That equipment will remain in place, Svehla said, although it is not clear how or if it might be used again. One possibility is that the equipment could be used to link the public and the county government during hurricanes or other emergencies.

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'Just whatever's on social media'

Svehla said his office hasn't directly received a lot of complaints about the move away from Zoom.

"Just whatever's on social media," he said.

One of those social media channels, a Facebook page titled Walton County Ideas for Visioning and Quality of Life, has included significant criticism of ending Zoom.

"It was too convenient for citizens to participate in their local government. County had to put an end to it," wrote Celeste Cobena of the local conservation organizations Beach to Bay Connection Association and Let It Be Forest.

Cobena, who frequently attends county meetings both in person and by Zoom, said she became concerned about remote attendance when she went to the county's website recently and could not find a Zoom link for an upcoming meeting. She said she contacted Svehla, who emailed her with the explanation of the decision to halt Zoom.

"I think it is something that needs to be addressed," Cobena said, adding that she has been in touch with Glidewell about the issue. 

"It's the wave of the future, and I think they need to continue the Zoom meetings," said Cobena, who added that the county should "continue to upgrade" its Zoom-enabling equipment.

'A lot of public participation'

"It really makes it easy for people to participate," Cobena added, noting that Zoom makes it possible for people with interests in Walton County, such as part-time residents and property owners who live elsewhere, to participate in decisions that could affect them.

Cobena also observed that "traffic is a big problem in Walton County, and everybody knows it." In addition to traffic, she said parking can be a problem at meeting sites. "I've been at some meetings where there was no parking," she said.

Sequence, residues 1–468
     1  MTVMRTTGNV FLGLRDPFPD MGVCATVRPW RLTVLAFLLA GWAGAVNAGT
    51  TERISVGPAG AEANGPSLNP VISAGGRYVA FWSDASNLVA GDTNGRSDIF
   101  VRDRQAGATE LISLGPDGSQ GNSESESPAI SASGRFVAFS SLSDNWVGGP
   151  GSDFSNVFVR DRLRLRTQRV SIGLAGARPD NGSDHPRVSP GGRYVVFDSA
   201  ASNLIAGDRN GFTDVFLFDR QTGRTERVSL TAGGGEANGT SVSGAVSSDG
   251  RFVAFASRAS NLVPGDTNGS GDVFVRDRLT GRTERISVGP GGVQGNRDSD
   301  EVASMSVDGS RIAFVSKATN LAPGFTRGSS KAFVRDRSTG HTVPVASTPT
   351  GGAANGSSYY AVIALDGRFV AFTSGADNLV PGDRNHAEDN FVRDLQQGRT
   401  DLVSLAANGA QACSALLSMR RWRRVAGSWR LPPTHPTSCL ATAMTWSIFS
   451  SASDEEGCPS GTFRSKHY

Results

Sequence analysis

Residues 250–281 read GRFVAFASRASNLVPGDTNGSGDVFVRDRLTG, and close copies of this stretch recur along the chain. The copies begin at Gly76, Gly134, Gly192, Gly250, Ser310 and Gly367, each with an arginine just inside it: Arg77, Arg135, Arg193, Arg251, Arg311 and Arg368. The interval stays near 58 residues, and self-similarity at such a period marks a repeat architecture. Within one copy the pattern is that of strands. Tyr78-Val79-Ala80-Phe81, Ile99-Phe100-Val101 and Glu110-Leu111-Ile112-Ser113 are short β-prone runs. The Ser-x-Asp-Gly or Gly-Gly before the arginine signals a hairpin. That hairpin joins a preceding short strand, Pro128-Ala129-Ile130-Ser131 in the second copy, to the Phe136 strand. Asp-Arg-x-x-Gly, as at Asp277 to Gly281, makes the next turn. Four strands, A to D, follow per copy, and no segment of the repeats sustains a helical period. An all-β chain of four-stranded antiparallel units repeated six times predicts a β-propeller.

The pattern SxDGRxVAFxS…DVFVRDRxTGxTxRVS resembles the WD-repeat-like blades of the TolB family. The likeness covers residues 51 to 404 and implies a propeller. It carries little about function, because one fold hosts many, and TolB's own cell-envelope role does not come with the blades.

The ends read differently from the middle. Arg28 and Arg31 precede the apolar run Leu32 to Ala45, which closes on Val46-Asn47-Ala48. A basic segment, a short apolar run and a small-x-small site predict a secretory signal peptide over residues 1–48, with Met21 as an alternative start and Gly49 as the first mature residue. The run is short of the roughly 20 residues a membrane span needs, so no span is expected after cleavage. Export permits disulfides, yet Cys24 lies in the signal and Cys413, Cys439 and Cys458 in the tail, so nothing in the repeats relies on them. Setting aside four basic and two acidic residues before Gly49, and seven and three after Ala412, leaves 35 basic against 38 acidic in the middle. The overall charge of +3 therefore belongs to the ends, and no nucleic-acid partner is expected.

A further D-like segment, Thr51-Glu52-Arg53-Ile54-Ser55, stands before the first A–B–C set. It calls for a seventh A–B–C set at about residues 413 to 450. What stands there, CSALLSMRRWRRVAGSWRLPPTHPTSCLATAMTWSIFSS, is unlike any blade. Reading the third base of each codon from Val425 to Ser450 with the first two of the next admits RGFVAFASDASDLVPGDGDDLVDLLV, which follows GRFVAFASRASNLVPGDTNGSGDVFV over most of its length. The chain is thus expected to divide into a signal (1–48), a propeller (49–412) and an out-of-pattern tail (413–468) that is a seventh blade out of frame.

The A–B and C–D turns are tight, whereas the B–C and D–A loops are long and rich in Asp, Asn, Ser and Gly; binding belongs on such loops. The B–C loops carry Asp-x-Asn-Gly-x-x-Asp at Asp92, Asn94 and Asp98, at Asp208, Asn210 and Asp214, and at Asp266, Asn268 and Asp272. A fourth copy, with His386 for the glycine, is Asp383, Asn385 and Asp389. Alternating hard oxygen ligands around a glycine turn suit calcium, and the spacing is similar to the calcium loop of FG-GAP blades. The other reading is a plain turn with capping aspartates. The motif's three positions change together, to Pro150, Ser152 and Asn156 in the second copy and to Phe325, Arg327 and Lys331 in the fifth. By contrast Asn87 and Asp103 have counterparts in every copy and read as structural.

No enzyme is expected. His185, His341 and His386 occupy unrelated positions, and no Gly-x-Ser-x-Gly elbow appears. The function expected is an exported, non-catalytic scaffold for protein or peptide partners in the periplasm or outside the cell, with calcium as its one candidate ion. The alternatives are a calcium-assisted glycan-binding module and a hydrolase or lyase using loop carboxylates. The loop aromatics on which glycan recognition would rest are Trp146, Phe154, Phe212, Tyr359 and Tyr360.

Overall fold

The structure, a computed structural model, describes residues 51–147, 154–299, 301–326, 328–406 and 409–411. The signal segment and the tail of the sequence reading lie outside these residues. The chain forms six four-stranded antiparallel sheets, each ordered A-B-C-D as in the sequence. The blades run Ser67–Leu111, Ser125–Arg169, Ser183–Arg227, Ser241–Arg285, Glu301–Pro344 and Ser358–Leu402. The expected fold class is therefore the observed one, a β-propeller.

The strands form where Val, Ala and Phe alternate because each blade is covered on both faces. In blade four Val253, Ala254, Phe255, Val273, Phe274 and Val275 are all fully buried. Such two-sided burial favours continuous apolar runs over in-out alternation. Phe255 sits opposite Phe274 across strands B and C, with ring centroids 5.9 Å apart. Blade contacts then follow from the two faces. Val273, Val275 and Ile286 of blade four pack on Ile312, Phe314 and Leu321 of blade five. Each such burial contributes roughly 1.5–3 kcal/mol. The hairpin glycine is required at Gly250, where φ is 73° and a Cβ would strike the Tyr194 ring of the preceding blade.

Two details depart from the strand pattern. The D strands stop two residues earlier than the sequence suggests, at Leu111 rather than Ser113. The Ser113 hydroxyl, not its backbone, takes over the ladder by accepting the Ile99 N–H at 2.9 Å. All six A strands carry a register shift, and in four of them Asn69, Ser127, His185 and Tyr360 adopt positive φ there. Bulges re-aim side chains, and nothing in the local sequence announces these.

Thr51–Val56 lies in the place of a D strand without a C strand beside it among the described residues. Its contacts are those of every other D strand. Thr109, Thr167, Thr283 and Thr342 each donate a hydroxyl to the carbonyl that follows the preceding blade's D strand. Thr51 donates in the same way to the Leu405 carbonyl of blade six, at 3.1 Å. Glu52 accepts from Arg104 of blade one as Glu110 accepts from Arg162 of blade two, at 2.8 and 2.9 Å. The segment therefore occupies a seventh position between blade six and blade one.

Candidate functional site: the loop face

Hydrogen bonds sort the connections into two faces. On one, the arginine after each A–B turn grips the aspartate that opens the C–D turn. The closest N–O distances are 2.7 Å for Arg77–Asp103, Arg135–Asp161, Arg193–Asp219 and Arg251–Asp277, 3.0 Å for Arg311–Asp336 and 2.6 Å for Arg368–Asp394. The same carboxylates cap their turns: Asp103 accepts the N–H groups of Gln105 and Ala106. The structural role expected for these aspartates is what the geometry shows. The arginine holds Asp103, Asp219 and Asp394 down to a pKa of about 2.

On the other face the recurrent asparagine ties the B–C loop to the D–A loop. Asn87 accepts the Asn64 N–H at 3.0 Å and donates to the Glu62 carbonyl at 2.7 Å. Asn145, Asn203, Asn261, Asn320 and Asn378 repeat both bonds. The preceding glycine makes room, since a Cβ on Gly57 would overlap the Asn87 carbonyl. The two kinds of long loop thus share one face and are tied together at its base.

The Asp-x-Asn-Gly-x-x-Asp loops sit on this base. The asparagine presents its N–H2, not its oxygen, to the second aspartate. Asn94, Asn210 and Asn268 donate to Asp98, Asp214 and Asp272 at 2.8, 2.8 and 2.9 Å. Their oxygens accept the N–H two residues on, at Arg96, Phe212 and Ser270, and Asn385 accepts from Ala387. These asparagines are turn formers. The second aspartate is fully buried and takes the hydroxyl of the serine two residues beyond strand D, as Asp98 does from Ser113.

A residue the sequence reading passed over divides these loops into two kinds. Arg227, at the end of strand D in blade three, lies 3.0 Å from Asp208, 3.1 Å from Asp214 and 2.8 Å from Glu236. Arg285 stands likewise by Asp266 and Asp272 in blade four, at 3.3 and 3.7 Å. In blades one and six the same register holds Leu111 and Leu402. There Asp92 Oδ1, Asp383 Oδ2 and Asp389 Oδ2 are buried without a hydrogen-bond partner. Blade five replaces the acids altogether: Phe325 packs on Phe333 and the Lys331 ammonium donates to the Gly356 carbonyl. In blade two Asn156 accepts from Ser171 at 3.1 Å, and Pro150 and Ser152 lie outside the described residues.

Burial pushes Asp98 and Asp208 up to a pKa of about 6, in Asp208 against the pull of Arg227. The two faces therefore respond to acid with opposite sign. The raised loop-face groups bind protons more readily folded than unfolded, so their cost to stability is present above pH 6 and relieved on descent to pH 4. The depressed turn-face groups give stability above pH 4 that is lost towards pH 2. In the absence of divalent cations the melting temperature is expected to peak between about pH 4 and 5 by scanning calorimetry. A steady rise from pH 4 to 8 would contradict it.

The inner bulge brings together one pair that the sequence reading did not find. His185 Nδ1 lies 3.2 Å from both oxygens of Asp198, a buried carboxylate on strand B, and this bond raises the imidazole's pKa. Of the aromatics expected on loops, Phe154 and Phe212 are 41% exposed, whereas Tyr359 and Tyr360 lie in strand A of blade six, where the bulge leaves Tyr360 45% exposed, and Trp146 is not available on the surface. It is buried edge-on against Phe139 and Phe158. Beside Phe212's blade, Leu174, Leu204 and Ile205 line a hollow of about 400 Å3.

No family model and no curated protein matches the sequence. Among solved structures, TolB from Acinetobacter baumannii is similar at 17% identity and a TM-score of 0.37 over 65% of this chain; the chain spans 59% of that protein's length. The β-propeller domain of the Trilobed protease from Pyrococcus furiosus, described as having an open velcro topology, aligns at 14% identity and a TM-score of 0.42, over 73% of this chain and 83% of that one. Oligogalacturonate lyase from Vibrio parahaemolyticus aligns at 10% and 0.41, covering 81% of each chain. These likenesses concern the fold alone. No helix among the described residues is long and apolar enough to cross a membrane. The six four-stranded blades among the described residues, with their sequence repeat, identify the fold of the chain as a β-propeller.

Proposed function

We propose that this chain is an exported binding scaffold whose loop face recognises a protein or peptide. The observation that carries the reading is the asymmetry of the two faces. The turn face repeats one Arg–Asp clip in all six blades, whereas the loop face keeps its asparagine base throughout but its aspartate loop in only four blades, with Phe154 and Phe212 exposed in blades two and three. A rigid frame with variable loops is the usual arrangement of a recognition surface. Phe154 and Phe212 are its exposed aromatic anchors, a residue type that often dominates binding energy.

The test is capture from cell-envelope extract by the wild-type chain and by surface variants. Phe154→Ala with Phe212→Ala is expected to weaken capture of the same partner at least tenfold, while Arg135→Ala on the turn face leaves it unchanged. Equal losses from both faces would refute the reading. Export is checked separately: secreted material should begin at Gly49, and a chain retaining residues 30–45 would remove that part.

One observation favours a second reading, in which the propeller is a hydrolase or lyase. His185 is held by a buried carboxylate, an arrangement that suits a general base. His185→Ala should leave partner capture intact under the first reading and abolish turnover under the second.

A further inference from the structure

Glidewell said Wednesday that even though the full commission had not voted on the discontinuance of Zoom access, Nick had the authority to act to end that access. Glidewell added that current county policy outside of the coronavirus emergency does not allow for remote participation in government meetings.

Zoom access to meetings "was useful during the COVID time," Glidewell said, but he added that the county has not yet had an opportunity to evaluate its use outside of that circumstance.

And even without Zoom access, Glidewell added, "We've always had a lot of citizen participation in our meetings."

Continuing Zoom access would require the commission to change its policies on county government meetings, said Glidewell, who added, "I don't know what we'll do in the future."

The coming change is of particular concern to the South Walton Community Council (SWCC), a nonprofit organization that addresses quality of life and environmental issues.  

Speaking Wednesday on behalf of the SWCC board, board member Barbara Morano, a frequent presence at county meetings in person and via Zoom, said the group is "concerned and alarmed to find out that all Zoom meetings will be discontinued in August."

Morano said the SWCC board also is concerned about "the power of the (county) administration and the (County Commission) chair to make this change without the board of commissioners giving their input."

Morano added that "the COVID crisis has changed the way the world communicates. Participation in meetings by our citizens in Walton County has increased, and that needs to continue."